by Mario J. Rizzo and Glen Whitman
The burgeoning field of behavioral economics has produced a new set of justifications for paternalism. This book challenges behavioral paternalism on multiple levels, from the abstract and conceptual to the pragmatic and applied.
Behavioral paternalism relies on a needlessly restrictive definition of rational behavior. It neglects nonstandard preferences, experimentation, and self-discovery. It relies on behavioral research that is often incomplete and unreliable. It demands a level of knowledge from policymakers that they cannot reasonably obtain. It assumes a political process largely immune to the effects of ignorance, irrationality, and the influence of special interests and moralists.
Overall, behavioral paternalism underestimates the capacity of people to solve their own problems, while overestimating the ability of experts and policymakers to design beneficial interventions. The authors argue instead for a more inclusive theory of rationality in economic policymaking.
Gerd Gigerenzer (Director of the Harding Center for Risk Literacy, Max-Planck-Institut für Bildungsforschung, Berlin):
Taking issue with the narrow norms of rationality in much of behavioral economics, this remarkable book argues in favor of an inclusive concept of rationality and is one of the first to cover the full range of relevant empirical evidence from psychology. Escaping Paternalism promotes a serious attempt to understand why people do what they do.
Richard Epstein (Laurence A. Tisch Professor of Law, New York University):
Mario J. Rizzo and Glen Whitman have written an incisive yet accessible critique of the dominant strain of behavioral economics associated with Daniel Kahneman, Richard Thaler and Cass Sunstein. Rizzo and Whitman are wise enough to know that human beings, with quirks and practices, are ‘people, not puppets’. Yet they show how classical liberal principles of governance do far better in organizing social arrangements than the various forms of soft paternalism now in vogue with so many behavioral economists.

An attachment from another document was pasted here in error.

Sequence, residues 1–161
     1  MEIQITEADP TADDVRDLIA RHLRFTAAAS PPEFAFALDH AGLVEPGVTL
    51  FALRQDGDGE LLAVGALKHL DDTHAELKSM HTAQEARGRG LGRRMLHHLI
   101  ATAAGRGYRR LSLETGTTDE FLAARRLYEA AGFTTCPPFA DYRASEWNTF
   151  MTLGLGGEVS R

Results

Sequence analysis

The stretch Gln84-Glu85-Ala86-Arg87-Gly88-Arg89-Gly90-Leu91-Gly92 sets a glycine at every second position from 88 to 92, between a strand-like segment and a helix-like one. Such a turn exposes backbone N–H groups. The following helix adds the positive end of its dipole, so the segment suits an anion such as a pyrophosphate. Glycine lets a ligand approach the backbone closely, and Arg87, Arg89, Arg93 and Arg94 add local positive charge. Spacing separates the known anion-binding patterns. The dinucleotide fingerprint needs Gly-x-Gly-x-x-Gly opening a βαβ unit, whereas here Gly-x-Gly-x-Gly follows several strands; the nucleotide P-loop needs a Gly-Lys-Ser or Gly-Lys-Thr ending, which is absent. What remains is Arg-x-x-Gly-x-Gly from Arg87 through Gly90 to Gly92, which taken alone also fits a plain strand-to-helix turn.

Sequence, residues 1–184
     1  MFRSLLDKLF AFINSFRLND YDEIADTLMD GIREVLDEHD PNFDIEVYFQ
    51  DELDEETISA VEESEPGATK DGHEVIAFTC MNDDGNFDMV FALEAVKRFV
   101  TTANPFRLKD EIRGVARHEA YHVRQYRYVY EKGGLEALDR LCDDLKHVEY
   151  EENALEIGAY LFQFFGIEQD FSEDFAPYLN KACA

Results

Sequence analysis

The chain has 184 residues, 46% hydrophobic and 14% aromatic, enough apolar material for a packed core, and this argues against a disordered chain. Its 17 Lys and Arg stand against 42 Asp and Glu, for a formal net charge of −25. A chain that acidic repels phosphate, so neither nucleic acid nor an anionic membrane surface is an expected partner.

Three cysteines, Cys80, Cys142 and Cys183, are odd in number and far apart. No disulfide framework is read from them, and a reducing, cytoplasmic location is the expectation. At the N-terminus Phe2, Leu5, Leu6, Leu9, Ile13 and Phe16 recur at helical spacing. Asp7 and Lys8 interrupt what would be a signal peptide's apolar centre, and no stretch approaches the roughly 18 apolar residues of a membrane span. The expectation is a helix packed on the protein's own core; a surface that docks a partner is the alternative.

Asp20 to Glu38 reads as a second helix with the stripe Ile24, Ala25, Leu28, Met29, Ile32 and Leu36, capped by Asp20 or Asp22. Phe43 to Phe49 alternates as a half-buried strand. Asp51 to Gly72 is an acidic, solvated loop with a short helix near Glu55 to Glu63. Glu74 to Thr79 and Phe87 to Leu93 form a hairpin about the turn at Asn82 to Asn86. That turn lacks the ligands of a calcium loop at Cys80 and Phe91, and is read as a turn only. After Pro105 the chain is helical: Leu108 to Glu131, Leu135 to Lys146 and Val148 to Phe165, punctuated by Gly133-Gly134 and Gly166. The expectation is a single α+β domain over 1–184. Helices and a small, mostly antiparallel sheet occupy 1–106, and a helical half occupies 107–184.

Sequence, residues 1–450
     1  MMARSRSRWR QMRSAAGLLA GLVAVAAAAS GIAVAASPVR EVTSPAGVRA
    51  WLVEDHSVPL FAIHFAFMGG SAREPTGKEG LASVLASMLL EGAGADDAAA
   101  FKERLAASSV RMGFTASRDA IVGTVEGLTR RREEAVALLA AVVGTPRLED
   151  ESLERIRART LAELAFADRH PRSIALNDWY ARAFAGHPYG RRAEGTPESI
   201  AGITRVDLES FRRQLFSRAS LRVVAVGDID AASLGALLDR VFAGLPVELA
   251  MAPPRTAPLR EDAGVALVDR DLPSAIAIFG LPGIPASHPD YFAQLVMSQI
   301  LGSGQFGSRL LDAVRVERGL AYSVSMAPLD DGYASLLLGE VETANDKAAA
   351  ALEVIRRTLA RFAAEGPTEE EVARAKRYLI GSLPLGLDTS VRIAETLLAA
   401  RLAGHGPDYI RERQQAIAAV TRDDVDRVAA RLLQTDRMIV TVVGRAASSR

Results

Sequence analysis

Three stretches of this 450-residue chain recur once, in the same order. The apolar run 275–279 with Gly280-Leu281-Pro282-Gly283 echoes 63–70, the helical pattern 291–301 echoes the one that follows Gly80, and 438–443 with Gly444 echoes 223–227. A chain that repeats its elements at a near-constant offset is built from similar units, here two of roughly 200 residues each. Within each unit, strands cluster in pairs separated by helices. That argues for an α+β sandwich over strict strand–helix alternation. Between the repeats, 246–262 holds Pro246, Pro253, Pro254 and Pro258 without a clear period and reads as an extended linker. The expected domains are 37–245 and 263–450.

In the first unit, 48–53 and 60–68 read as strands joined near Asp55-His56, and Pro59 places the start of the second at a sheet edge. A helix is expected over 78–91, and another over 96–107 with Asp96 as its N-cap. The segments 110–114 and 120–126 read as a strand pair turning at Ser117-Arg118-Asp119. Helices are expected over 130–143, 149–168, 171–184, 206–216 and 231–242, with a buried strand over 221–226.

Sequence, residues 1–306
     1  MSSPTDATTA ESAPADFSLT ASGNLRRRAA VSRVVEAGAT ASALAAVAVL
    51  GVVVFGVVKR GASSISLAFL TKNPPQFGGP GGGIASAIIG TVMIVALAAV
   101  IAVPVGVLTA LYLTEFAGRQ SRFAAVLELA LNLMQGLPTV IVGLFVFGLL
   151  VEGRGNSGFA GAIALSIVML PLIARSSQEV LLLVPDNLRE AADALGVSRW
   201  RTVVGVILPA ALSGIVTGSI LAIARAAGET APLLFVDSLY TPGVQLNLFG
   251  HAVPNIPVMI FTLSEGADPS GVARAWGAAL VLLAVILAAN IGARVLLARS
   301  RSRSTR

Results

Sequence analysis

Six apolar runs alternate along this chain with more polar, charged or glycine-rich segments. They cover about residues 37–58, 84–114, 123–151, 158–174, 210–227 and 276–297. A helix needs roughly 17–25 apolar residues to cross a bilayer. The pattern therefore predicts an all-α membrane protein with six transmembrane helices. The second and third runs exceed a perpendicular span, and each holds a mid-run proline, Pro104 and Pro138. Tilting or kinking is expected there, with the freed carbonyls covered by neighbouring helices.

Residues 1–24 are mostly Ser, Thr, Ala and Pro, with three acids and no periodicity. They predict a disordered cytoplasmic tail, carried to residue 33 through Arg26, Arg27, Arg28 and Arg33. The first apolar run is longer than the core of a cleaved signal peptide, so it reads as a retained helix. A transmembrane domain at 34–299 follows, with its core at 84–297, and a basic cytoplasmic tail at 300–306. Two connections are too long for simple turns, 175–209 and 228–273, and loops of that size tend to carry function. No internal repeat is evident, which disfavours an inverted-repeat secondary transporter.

Robert Sugden (University of East Anglia):
Mario J. Rizzo and Glen Whitman present a powerful and well-documented critique of behavioural economists’ justifications of paternalism. They argue convincingly that these justifications illegitimately presuppose that rational-choice theory is a normative standard. Inspired by the psychology of Gerd Gigerenzer, they offer a more pragmatic and ‘ecological’ understanding of human rationality.
Tyler Cowen (George Mason University) via Marginal Revolution:
The authors are Mario Rizzo and Glen Whitman, and the subtitle is Rationality, Behavioral Economics, and Public Policy. This is the most comprehensive, definitive attempt to respond to paternalism and nudge that I have seen, written from a (mostly) libertarian and partially Austrian perspective.
We published lots of new posts in 2018. Some have received more attention than others. Below you find the 5 most popular new posts of 2018:
- My appreciation of Mario Rizzo on his 70th birthday (See: A Tribute to Mario Rizzo)
- Ten Years After Lehman: Bubbles Galore & Zombies
- Hayek’s Work Helps Explain the Link Between Monetary Policy and Political Instability
- Friedrich von Wieser, or: Against “Sidelining” Austrian Economists
- Distributional Effects of Monetary Policy: An Opportunity for Austrian Economics